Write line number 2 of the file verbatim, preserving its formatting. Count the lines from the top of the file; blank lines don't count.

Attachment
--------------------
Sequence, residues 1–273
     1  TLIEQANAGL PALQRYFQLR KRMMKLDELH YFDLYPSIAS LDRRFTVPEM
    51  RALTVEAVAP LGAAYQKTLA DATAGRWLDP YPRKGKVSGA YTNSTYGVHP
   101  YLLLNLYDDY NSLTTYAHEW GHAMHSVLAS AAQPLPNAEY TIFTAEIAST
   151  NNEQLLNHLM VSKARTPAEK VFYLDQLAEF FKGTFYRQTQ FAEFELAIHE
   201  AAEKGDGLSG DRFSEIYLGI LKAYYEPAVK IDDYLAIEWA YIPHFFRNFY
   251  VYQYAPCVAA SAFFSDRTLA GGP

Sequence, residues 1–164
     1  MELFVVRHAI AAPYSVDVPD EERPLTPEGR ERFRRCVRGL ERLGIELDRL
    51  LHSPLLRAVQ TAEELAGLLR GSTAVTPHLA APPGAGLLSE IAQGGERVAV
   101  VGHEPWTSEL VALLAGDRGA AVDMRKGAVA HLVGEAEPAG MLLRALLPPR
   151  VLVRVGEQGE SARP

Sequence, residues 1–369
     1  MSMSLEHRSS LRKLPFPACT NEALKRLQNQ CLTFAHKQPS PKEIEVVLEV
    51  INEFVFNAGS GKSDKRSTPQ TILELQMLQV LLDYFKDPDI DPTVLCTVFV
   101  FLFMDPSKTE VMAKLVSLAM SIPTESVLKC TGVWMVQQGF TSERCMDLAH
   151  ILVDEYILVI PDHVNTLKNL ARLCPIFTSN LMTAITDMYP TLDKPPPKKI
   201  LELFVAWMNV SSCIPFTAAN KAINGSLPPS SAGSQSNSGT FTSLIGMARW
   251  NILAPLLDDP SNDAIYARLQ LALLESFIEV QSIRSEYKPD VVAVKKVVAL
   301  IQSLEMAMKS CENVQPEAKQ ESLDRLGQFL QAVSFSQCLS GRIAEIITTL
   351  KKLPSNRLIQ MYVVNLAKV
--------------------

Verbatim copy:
     1  TLIEQANAGL PALQRYFQLR KRMMKLDELH YFDLYPSIAS LDRRFTVPEM